Markets soared, economies strengthened. That’s how 2017 played out nearly all around the world. What does 2018 have in store? There are likely to be shocks and surprises along the way, and also opportunities for investors. Here are some of the key investment themes for 2018, and how they may impact your investment decisions as the year unfolds.
1. Tap into synchronized global growth.
After a stronger-than-expected 2017, the global economy looks set to flex its muscles again in 2018.
From Germany to Japan, generally solid data indicate that the world’s economy is experiencing a pickup in growth that is synchronized and multidimensional. With manufacturing, trade, consumer sentiment and other checkpoints mostly on the upswing, expansion is gaining traction in many of the countries driving global growth. Indeed, the synchronization of global growth has raised the possibility that the cycle can remain stronger for longer.
That may be especially true in the United States. After eight years of expansion in the U.S., investors may be concerned that the American economy is nearing the end of the cycle. Yet corporate profit growth remains healthy, tax reform could boost gross domestic product and consumer spending is relatively strong.
For most of the rest of the world, it is still early in the cycle. Europe appears to have entered a prolonged period of strength and the euro-zone economy is expected to grow nearly 2.2% in 2018, according to the International Monetary Fund (IMF). China’s gross domestic product (GDP) accelerated for the first time in seven years in 2017, and emerging markets broadly seem set to outpace developed economies again in 2018. Japan’s economy is in its best shape in years, led by strong global demand lifting exports and corporate earnings.
Overall, the IMF expects global GDP to hit 3.9% in 2018. The organization says the global recovery now underway is the broadest in seven years, with growth picking up last year in 120 countries accounting for three-quarters of world output.
Granted, the global economy is subject to geopolitical tensions, financial stress and possible protectionist trade measures. But each of the world’s major economies is now firmly in the growth column, and that should provide companies with the potential to reap new profits, and provide investors with opportunities around the world.
2. Keep the U.S. at the core, but be selective.
Talk about a recovery with legs. On average since World War II, expansions of the U.S. economy have lasted 60 months. After more than 100 months, this is not your average expansion – and there may be more to come.
By many measures, the U.S. economy is gaining steam. The jobs market is solid, industrial production is healthy, wages are rising and retail sales are picking up, to name just a few. They all point to the U.S. economy continuing to grow. Why has this expansion lasted so long? The answer may be that it hasn’t overheated.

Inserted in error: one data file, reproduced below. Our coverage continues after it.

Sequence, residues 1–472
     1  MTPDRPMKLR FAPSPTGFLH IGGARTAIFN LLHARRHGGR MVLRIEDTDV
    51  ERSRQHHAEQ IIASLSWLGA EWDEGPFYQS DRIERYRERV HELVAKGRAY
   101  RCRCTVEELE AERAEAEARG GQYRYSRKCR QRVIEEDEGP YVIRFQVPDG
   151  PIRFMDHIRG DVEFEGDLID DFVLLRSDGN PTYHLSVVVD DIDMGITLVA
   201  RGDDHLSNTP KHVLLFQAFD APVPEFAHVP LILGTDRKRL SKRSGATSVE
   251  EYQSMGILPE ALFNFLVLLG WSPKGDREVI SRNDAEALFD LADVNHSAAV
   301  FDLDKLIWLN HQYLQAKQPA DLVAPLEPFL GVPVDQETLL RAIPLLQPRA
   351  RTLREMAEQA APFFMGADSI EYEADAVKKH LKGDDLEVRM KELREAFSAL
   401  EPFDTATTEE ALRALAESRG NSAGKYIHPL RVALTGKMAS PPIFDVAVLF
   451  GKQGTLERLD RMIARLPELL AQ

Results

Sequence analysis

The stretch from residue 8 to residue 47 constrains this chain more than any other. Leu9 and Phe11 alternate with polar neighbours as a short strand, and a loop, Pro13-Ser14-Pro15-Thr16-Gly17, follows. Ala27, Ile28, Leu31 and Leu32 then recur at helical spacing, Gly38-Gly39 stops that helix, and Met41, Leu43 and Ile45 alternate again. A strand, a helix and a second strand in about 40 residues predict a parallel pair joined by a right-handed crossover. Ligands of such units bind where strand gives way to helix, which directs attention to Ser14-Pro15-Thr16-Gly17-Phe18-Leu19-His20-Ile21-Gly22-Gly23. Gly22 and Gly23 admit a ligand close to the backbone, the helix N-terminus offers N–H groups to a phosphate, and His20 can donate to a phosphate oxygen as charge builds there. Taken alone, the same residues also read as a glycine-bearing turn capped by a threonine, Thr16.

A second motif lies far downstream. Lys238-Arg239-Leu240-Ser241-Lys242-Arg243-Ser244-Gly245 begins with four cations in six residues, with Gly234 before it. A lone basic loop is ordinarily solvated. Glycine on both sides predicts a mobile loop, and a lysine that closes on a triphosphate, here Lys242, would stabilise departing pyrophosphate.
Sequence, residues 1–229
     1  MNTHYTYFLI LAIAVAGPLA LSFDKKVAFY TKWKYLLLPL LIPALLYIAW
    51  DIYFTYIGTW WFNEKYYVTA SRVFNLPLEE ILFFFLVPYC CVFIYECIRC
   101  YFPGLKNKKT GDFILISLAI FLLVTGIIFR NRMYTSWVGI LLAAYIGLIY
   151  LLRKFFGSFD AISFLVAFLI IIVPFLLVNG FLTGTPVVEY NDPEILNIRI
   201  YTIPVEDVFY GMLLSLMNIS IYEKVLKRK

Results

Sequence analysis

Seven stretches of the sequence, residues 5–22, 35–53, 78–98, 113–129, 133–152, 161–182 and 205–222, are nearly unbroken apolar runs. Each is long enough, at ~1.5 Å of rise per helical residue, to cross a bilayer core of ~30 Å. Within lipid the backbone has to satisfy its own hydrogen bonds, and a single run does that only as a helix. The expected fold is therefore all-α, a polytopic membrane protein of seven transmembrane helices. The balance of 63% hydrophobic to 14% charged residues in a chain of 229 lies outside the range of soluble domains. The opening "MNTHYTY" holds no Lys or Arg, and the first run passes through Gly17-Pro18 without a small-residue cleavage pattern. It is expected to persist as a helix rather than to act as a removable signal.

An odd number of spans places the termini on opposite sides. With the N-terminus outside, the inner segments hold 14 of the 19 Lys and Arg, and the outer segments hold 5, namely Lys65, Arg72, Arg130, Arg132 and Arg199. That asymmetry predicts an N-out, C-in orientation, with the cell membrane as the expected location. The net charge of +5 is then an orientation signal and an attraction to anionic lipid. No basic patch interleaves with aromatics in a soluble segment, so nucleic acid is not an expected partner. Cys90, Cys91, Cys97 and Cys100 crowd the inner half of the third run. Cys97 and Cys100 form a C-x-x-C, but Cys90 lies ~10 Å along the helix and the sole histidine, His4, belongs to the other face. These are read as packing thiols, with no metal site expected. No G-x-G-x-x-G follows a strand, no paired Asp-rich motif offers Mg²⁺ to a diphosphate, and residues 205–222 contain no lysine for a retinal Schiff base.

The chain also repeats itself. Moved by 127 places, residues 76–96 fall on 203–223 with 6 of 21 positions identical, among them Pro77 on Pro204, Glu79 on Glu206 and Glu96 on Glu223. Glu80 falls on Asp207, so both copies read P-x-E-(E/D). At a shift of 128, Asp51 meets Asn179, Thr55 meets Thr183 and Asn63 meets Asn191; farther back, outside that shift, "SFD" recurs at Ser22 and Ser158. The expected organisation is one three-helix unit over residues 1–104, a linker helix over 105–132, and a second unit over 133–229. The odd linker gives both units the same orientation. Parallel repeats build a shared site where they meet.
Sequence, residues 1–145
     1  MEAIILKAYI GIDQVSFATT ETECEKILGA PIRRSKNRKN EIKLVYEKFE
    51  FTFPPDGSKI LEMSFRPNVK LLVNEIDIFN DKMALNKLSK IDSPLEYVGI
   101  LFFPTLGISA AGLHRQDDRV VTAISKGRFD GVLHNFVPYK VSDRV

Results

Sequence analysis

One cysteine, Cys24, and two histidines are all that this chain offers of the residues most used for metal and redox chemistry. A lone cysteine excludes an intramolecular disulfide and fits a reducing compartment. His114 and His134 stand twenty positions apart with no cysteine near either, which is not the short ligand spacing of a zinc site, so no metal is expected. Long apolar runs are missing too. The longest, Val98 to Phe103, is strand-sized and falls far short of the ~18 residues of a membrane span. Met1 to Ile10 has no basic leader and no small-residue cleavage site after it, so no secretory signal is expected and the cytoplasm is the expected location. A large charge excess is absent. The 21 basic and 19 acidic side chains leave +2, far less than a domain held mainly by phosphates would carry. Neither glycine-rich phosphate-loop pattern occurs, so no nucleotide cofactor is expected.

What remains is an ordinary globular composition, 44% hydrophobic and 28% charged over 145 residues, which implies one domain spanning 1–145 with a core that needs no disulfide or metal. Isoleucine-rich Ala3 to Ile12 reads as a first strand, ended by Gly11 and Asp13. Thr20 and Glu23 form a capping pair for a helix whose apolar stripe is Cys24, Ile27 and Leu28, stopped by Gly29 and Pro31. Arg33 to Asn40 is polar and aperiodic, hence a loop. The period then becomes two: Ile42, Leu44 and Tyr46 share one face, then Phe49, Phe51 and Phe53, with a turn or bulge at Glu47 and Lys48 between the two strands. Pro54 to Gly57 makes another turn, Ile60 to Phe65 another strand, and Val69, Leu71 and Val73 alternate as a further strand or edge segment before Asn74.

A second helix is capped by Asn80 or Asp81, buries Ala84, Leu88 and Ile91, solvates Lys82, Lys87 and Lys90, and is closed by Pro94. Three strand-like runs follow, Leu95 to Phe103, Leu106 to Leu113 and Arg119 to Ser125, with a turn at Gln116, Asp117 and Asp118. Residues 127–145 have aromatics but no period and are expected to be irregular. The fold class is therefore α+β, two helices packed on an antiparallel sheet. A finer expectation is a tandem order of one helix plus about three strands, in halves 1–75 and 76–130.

On average, the economy has expanded to 123% of its prior peak before rolling over into a recession. As 2017 ended, the economy was at about 115% of the prior peak. That’s important because recessions can be caused by excesses and imbalances that build up in the system that ultimately need to be corrected, and slower growth means they take longer to materialize. There doesn’t appear to be anything systemic, or any big imbalances that would push the U.S. economy into a recession within the next 12 to 18 months.
The strengthening economy is one reason the U.S. stock market has soared since the end of the global financial crisis. Such strength makes U.S. equities a sensible core for portfolios. But some sectors of the market may be relatively expensive, making selectivity especially important.
But not all areas of the market have reached lofty levels together. Financials recently reached its pre-recession peak after 10 years, and energy has returned to 2007 levels. These sectors may have room to run, but select companies are likely to fare better than others. Fundamental research will be key to identifying the potential winners.
From the Dow Jones Industrial Average to the Nasdaq Composite, market indexes set record after record in 2017. Although share prices for some companies may be justified, caution is warranted. Indeed, market capitalization levels around the world show the U.S. at close to an all-time high while overseas markets remain relatively low overall. Given the valuation gap between the U.S. and nearly everywhere else, it may be time to consider rebalancing portfolios toward non-U.S. markets.
3. Invest in Europe’s recovery.
Sluggish growth, political uncertainty, lagging equity returns — that’s been the story in Europe for years. Now, however, Europe is on the rebound, and there’s reason to believe the rally in the region could last well into 2018 and beyond.
There is now a growing amount of evidence — from record-high manufacturing activity to rising economic sentiment indicators — that euro-zone growth could be stronger for longer, with GDP perhaps coming close to an annualized 3% rate in the first half of 2018.
The breadth of the upturn has been striking. The German economy has long been the strongest in Europe. But countries that were previously lagging behind, principally France and Italy, have experienced dramatic changes in their economic environments over the course of the past year.
One of the most encouraging transformations has taken place in France, where the economy has turned from stagnation to boom. That’s partly due to the election of President Emmanuel Macron, a centrist, pro-European Union leader who has pledged to bring economic and political reforms to France. So far, Macron has implemented important changes — and businesses and consumers are responding positively.
It’s also worth noting that Europe’s past recoveries have been driven by net export activity, which means they’ve been vulnerable to downturns in demand in the rest of the world. This recovery, however, is being driven by impressive increases in domestic demand, as well as rising exports. In addition, there’s been an upturn in investment spending by businesses, which gives weight to the possibility that this can be a self-sustaining recovery.